Walking with the Enemy (PG-13)
08/05/14 20:15 Filed in: 2014
Directed by: Mark Schmidt
Starring: Jonas Armstrong
This review was originally tweeted in Real-time from the back row of a movie theater and appears @BackRoweReviews. Though efforts were made to tease rather than ruin this movie’s memorable lines and moments, some spoilers may exist in the following evaluation. The original tweets appear in black, while follow-up comments appear in red. For concerns over objectionable content, please first refer to one of the many parental movie guide websites. All ratings are based on a four star system. Happy reading!
Mr. Kingsley, as you’ll recall, also played a protagonist opposed to the Nazis in Schindler’s List (1993).
1944. Hungary. Nazi invasion. Restrictions. Curfews. And so it begins.
“I’ve got a bad feeling about this.”
Not so warm welcome at the work camp.
As would be expected…this isn’t the Ritz after all.
Kingsley, the Hungarian leader, must choose the lesser of two evils.
Some good acting here, but nothing that really makes Kingsley flex his acting muscles. Also, too many of the shots in this scene were done from one camera setup, which makes the sequence feel static and unimaginative. A prime indicator of just how time and budget constrained this film is.
American planes arrive. An exciting but short-lived action scene.
Just a guess, but this sequence probably consumed about half of the movie’s budget.
German officers take what they want. Rough scene.
You definitely don’t want to get caught with a radio.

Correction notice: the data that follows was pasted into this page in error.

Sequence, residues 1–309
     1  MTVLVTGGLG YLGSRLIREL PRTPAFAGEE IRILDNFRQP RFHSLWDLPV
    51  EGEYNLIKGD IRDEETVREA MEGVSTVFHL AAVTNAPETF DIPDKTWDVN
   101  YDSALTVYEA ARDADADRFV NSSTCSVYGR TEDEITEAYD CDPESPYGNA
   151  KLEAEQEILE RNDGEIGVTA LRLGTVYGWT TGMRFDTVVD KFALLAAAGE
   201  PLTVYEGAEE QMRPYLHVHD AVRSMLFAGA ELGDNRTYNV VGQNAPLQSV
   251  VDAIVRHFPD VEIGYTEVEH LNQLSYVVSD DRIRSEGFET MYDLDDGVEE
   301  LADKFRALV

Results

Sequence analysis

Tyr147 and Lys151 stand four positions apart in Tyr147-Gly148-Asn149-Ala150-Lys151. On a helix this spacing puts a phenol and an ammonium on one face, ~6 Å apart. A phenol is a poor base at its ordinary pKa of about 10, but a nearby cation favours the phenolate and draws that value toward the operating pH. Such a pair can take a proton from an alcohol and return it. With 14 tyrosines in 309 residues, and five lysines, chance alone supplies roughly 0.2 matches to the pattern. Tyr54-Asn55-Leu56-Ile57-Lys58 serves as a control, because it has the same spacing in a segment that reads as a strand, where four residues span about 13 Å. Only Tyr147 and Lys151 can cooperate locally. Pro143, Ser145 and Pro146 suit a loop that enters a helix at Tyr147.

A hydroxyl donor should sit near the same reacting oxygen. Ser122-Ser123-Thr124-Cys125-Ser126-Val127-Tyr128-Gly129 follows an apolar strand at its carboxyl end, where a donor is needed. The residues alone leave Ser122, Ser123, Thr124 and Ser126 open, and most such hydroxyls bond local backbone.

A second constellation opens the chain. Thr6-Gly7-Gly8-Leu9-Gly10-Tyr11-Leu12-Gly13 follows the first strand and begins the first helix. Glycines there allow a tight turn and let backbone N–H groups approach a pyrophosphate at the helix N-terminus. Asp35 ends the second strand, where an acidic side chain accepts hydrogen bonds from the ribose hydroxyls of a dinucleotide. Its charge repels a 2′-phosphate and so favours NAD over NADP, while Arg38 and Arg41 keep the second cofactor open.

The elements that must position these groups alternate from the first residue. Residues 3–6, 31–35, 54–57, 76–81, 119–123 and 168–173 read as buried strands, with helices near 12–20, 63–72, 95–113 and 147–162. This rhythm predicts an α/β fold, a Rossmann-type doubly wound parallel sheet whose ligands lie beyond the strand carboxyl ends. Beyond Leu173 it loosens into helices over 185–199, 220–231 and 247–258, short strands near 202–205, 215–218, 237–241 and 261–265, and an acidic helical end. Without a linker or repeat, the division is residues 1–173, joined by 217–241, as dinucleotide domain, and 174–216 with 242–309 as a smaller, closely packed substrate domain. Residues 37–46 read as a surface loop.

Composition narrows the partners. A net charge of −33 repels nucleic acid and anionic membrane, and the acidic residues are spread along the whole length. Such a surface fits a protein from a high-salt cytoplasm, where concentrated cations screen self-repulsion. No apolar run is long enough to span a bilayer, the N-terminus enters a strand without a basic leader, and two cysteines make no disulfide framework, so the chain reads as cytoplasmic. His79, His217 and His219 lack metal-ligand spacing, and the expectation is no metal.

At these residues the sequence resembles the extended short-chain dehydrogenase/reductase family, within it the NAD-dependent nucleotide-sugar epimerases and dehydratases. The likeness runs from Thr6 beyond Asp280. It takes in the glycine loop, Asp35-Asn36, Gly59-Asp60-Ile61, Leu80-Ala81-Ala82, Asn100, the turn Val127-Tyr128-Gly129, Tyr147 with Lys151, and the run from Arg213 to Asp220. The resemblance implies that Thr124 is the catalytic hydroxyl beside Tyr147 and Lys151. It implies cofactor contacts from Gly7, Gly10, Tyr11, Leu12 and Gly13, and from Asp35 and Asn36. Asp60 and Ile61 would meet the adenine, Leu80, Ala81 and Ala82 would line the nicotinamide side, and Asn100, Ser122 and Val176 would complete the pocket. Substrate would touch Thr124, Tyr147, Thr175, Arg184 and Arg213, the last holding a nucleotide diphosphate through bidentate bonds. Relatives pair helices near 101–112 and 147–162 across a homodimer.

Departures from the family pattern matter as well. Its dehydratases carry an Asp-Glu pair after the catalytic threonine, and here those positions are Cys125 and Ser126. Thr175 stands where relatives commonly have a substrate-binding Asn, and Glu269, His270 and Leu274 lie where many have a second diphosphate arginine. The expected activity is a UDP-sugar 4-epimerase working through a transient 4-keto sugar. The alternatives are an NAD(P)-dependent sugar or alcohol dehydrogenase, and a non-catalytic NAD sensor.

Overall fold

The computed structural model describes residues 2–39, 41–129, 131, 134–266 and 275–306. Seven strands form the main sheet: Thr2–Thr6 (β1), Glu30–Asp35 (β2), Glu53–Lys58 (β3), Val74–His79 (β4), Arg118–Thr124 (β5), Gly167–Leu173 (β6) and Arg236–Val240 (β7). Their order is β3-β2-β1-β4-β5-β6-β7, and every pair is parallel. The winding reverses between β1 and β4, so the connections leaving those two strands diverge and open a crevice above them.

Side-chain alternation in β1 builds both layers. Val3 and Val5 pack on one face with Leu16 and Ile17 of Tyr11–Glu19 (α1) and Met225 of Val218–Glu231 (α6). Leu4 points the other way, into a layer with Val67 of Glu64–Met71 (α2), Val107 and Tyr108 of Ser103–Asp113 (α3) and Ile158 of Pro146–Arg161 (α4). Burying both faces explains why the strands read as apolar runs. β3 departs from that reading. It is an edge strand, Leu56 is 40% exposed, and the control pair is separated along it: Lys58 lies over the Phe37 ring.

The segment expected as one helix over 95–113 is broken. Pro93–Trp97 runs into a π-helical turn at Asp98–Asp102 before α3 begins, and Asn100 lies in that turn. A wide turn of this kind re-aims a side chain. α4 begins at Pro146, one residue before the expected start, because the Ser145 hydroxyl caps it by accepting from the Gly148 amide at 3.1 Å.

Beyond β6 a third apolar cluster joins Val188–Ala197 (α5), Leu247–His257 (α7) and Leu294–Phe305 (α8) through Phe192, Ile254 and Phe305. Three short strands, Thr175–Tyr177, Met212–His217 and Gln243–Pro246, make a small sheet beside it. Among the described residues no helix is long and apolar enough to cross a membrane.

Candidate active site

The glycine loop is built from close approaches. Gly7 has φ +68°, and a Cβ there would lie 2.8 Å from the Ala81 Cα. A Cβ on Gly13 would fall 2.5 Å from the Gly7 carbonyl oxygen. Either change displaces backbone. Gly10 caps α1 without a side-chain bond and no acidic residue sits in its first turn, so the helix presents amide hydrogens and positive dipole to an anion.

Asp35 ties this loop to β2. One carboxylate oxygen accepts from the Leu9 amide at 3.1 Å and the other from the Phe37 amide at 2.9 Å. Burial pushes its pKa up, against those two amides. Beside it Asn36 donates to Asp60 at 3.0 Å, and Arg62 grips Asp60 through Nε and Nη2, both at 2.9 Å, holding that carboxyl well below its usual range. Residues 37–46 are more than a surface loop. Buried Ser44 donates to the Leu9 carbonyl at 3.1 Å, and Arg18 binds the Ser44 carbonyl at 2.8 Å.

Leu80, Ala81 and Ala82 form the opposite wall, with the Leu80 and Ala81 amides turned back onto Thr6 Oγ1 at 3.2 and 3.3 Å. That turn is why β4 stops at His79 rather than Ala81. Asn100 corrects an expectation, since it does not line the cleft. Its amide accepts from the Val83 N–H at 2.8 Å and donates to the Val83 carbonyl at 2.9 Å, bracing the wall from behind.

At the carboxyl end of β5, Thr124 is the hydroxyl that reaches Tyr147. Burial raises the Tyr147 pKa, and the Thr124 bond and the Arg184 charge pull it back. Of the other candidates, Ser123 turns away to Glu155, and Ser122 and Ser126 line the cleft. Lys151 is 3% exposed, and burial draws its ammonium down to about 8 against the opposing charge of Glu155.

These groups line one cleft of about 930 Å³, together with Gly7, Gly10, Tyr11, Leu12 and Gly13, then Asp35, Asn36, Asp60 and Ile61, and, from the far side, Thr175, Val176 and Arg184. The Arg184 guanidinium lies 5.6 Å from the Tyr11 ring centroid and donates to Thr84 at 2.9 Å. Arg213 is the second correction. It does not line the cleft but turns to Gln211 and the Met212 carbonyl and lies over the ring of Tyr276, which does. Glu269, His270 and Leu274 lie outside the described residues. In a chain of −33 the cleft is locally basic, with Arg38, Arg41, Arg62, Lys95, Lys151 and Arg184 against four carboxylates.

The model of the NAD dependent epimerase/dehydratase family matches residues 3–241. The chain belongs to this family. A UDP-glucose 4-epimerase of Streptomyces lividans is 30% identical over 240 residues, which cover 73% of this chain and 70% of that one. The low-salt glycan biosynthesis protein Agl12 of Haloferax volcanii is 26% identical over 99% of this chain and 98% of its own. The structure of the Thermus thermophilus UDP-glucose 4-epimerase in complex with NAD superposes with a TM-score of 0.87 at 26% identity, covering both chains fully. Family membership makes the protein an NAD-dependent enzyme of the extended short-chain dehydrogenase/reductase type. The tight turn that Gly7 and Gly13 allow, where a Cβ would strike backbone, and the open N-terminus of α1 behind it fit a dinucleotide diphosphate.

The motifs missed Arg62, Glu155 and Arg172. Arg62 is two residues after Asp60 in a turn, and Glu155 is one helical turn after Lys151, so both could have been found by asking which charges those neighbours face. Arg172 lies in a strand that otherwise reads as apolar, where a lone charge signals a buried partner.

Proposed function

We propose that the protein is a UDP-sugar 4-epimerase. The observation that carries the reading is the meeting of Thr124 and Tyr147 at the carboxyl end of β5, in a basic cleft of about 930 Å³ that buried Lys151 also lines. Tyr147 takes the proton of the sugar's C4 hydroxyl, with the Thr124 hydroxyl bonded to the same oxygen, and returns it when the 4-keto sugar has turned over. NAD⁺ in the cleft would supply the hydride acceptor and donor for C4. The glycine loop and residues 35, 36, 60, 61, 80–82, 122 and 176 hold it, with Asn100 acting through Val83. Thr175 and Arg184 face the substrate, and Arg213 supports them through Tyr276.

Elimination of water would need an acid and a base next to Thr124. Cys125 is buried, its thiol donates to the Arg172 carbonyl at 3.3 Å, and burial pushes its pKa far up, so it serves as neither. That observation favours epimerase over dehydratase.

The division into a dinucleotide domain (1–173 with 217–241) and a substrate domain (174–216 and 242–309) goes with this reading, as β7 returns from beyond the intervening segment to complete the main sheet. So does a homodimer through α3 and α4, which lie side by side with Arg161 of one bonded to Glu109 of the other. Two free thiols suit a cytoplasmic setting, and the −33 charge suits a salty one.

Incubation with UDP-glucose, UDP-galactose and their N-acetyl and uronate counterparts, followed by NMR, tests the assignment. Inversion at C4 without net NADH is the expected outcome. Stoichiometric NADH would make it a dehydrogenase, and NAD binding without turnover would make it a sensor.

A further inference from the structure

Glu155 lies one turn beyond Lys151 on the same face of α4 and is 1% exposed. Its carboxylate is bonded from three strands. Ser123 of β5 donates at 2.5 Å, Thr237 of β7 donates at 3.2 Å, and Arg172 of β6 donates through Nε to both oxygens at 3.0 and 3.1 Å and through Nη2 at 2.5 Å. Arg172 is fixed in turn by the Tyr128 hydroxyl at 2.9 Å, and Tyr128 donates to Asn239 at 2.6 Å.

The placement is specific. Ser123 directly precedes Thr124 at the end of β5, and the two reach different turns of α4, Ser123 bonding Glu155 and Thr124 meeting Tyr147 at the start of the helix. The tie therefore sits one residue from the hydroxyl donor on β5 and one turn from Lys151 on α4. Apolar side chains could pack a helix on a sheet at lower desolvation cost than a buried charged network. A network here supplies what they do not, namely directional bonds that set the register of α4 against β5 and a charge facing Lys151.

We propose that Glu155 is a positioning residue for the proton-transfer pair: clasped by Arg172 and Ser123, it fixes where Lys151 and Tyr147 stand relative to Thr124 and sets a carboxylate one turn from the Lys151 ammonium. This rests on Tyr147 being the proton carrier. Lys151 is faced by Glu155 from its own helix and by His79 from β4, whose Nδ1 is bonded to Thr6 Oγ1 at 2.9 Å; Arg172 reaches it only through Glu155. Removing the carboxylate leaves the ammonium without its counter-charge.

“This piece of paper is someone’s life.” A chilling statement.
This scene has considerable dramatic heft; ironic considering how lightweight the object in question is. Items purchasing freedom for the oppressed echoes the scene at the end of Schindler’s List where Schindler is willing to offer his watch and car to save more lives; a bargain, he bitterly realizes, he’s too late to make.
The greater of two evils stages a coup.
A. Germany. B. Russia. Unless you’re a student of history you have a 50/50 chance of guessing correct.
German officers joke about their “resorts.” Detestable.
Final analysis: an OK WWII tale that’s notable more for its historical importance than its filmmaking.
Rating: 2 1/2 out of 4 stars. Kingsley’s involvement is negligible in a film desperate for his talent.
Despite its obvious dearth of talent, time and money, the movie makes the most of what it has by featuring some impressive on location work. Also, the film’s sets, props and outfits (uniforms play a major role in the film) are all well designed and period appropriate. What holds the movie back is middling performances by a largely no-name cast, a sputtering screenplay by Kenny Golde (the first half of the film really drags and some of it could’ve been condensed or trimmed since the film runs fifteen minutes too long anyway) and standard, largely uninspired direction by Mark Schmidt. What’s sad about the end result here is that this true account is actually an inspiring tale of courage and cleverness in the face of unspeakable evil. One wonders how significant the improvement in overall quality would’ve been if the movie had had a bigger budget, a top shelf director (a la Spielberg, who tends to do well with this period of history) and some real star power. As for Kingsley, he does what he can with what little screen time he’s given, but his presence is more like a cameo than a star turn. On this count, the movie poster, which prominently features Kingsley’s visage, is more than a little disingenuous. Fans of the performer will feel shortchanged by his blink-and-you’ll-miss-it part, while those who know Kingsley only by sight will wonder why this accomplished actor isn’t featured more prominently in the story. Either way, the movie needed more of Kingsley. And more money wouldn’t have hurt either.